Higher-ed leaders say Burgum's budget is good starting point, but more dollars needed to avoid tuition hikes
Board members, university presidents to request additional funding from Legislature to fund proposed salary increases
BISMARCK — State higher education leaders say while Gov. Doug Burgum's proposed higher education budget is a good start for the upcoming biennium, more funding will be needed to avoid future tuition hikes.
The proposed budget, which would span from 2023-25, totals $683.1 million, a decrease of 0.5% from the previous biennium. According to Chancellor Mark Hagerott, Burgum’s proposed budget largely aligns with that of the North Dakota University System’s requests.
“I’ve had board members around for a long time, who have said that they’ve never seen a more positive interaction with the governor,” Hagerott said during the board's regular meeting on Thursday — the last before the legislative session commences in January. “He adopted just about everything we requested, and added even more funding.”
Burgum’s proposed budget includes funding two $10 million workforce training and retention initiatives — the workforce education and innovation program and energy scholarship pilot program. The funds from these programs, if approved by the Legislature, would be distributed across NDUS institutions, and used to educate workers according to the needs of the state’s employers.
Hagerott said although budgetary meetings with the governor were largely positive, the SBHE is pushing for an increase in the proposed budget to include larger salary increases to avoid tuition hikes.
Burgum has proposed salary increases for NDUS employees — 6% in the first year of the biennium, and 4% in the second — to offset the effects of inflation. According to members of the board and NDUS university presidents, however, the proposed salary increases will result in tuition increases under the current funding formula.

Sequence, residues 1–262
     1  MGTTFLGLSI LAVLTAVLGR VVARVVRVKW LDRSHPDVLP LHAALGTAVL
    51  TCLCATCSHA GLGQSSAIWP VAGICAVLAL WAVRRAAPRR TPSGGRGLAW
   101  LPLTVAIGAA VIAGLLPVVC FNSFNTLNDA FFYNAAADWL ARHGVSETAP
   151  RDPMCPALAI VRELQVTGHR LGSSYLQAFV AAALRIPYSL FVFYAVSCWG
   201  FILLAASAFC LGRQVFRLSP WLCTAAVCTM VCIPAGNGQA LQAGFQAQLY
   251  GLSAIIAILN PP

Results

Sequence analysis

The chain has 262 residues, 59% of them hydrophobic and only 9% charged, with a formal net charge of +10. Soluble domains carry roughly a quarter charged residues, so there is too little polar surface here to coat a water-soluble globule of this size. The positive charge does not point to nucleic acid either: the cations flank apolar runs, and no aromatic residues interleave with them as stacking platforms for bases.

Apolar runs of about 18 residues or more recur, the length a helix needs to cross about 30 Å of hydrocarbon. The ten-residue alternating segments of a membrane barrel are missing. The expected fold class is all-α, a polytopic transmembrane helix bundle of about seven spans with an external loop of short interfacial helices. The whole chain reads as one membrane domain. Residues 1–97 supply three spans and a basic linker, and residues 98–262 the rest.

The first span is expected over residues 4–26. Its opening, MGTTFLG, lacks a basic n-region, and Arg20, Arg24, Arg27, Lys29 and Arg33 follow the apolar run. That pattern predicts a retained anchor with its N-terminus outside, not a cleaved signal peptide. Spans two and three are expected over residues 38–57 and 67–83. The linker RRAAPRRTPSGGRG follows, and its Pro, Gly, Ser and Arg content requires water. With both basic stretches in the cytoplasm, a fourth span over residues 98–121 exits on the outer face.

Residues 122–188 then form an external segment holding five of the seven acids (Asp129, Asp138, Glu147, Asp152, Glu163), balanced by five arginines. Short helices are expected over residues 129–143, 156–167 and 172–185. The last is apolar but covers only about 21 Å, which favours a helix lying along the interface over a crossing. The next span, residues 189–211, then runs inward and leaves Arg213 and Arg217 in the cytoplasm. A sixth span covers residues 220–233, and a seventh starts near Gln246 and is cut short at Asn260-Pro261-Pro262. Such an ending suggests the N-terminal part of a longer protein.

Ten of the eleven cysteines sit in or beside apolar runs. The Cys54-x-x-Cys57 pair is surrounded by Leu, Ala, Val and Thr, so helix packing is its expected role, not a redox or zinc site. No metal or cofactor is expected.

Stephen Easton, president of Dickinson State University, said tuition increases will make it harder for NDUS’ institutions to retain North Dakota students.
“The lack of funding for the salary increases in the budget’s executive recommendations is inviting a major disaster,” Easton said. “South Dakota appears like it will adopt a tuition freeze statewide, and Minnesota is investing a lot of money to retain its university students, as well as attract ours. The proposed salary increases will require substantial tuition increases without state support. I would request that the State Board work hard to get the entirety of the salary increases funded by the Legislature.”
UND President Andrew Armacost said while he believes state legislators are amenable to working with the SBHE to address the aforementioned concerns, it is incumbent upon board members and university presidents to apprise legislators of funding challenges.
“There’s a lot of information that’s lacking, even from seasoned legislators,” said Armacost. “When we were in Bismarck this week, we talked with a number of legislators, and they had no idea how significant the tuition funding component of the proposed pay raises is, and how it isn’t covered by the current proposed legislative appropriation. All of us need to get out and share the word with our legislators on how detrimental such substantial tuition increases would be to our campuses.”
Board members also participated in an executive session, receiving a briefing regarding cybersecurity concerns within the NDUS system.